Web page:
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Book Report: Son carries on, expands war narrative

Submitted photo.

As the River Falls Reads program winds down and folks who have read and enjoyed Michael Shaara's Pulitzer-Prize winning novel about the Battle of Gettysburg, "The Killer Angels," are looking for new reading material, I'm happy to report that although Shaara died in 1988, his family lives on in the person of his son, Jeff Shaara, who also writes about the Civil War and has completed his father's trilogy with "Gods and Generals" and "The Last Full Measure."

His new book is "A Blaze of Glory," a novel about the Battle of Shiloh. (Ballantine Books, $28).

That's not to say that the son mimics the father.

The younger Shaara takes a different approach than his father did in this new book.

Whereas "The Killer Angels" and Jeff Shaara's other two Civil War books are peppered with references to generals on both sides of the conflict, "A Blaze of Glory" is peopled not only with generals but with "grunts," the foot soldiers, the rank and file, who take you right out onto the battle field and reveal their hopes and fears.

Remember "The Longest Day," Cornelius Ryan's non-fiction account of World War II's D-Day?

In that book Ryan let generals and colonels, and privates and sergeants and Americans and Germans and Brits from all walks of life tell the story of the monumental battle.

Shaara does the same in his new book, peopling his novel with the little guys who crossed bayonets at Shiloh.

In the foreword, Shaara says he discovered over the years that generals don't always tell the best stories. So in this new book, even Wisconsin gets in the act with the creation of a Private Fritz "Dutchie" Bauer of the 16th Wisconsin Regiment.


When I first opened "Maus," the award-winning graphic novel by Art Spiegelman, I remembered my grade school teacher Mrs. Reich's admonition: "Don't waste your time reading comic books!"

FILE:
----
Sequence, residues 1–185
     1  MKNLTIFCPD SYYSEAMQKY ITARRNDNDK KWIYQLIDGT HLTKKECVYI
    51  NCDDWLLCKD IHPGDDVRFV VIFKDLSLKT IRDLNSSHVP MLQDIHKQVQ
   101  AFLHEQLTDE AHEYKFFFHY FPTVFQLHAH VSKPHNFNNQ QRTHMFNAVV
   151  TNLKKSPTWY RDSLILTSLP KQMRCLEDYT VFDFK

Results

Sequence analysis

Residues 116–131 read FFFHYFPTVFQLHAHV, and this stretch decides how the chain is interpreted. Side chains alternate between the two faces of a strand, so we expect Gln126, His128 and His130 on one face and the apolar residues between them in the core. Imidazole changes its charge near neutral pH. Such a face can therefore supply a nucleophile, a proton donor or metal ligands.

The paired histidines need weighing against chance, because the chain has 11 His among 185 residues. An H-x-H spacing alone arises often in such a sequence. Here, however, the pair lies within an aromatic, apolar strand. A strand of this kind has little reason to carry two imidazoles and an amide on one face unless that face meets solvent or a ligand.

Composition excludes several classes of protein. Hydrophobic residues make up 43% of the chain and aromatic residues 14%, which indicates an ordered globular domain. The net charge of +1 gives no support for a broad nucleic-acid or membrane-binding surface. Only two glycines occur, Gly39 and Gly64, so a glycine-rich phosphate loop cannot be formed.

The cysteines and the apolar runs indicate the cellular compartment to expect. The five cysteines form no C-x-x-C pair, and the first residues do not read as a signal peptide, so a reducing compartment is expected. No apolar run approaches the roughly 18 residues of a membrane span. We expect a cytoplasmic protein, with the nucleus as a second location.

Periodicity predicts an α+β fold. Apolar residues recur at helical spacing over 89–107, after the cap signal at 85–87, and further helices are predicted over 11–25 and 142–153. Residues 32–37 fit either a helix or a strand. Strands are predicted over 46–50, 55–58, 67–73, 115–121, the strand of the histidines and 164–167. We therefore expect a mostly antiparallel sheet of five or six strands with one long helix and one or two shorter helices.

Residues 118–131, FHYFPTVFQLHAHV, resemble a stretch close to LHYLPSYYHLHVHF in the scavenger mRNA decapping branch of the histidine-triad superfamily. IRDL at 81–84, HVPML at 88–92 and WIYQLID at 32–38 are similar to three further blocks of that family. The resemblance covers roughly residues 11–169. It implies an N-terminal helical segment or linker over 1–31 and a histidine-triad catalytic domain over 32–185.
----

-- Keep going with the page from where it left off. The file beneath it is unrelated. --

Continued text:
Mrs. Reich, of course, was talking about the misadventures of Donald Duck and Superman.

After reading the very adult-oriented "Maus," I became something of a convert. I figure if people read something, it's better than nothing, even if the prose is sometimes overwhelmed by the illustrations.

Graphic Universe in Minneapolis is into graphic novels for young folks in a big way, some of them from Europe and others from home.

"The Secret Mummy," by Lars Jakobsen (Graphic Universe, $6.95) is a Danish product, part of a series of thrillers featuring a kid detective named Mortimer Mortensen.

In "Mummy," illustrated in full color, he's on the trail of some nogoodniks who are using the newly invented time travel gun to track down he knows not what.

But it ain't good.

Mortensen travels from 1990s Paris to 1893 Transylvania, where people are showing up dead with fang marks on their necks. He also goes to modern Prague.

The intrepid Mortensen learns that the deaths have nothing to do with vampires, but the evil Count Zahr who lives in an eerie castle.

Mortensen's young readers will learn about Count Dracula, the Bosnian war and the U.N.'s involvement as well as well as kidney transplants!

The book is due out in March and is aimed at middle school readers.

Another foreign import from Graphic for younger readers is "Where's Leopold?" by Michel-Yves Schmitt, illustrated by Vincent Caut ($6.95), which asks the question "What would you do if you woke up one morning and could turn invisible?"

Christopher Marlowe asked adult readers in the 17th century the same question in "The Tragical History of Doctor Faustus."

Faustus had a great time meeting with Helen of Troy and asking, "Is this the face that launched a thousand ships....?"

And pinching cardinals at pontifical meetings.

Dave Wood is a past Vice President of the National Book Critics Circle and former book review editor of the Minneapolis Star Tribune. Phone him at 715-426-9554.